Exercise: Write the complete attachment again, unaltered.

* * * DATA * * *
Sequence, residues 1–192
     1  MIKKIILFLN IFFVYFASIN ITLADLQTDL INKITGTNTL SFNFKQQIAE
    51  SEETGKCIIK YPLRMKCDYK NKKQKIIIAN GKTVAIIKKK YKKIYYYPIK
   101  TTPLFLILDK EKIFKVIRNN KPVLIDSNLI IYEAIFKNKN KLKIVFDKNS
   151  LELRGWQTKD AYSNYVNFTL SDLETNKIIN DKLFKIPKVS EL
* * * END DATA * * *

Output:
Sequence, residues 1–192
     1  MIKKIILFLN IFFVYFASIN ITLADLQTDL INKITGTNTL SFNFKQQIAE
    51  SEETGKCIIK YPLRMKCDYK NKKQKIIIAN GKTVAIIKKK YKKIYYYPIK
   101  TTPLFLILDK EKIFKVIRNN KPVLIDSNLI IYEAIFKNKN KLKIVFDKNS
   151  LELRGWQTKD AYSNYVNFTL SDLETNKIIN DKLFKIPKVS EL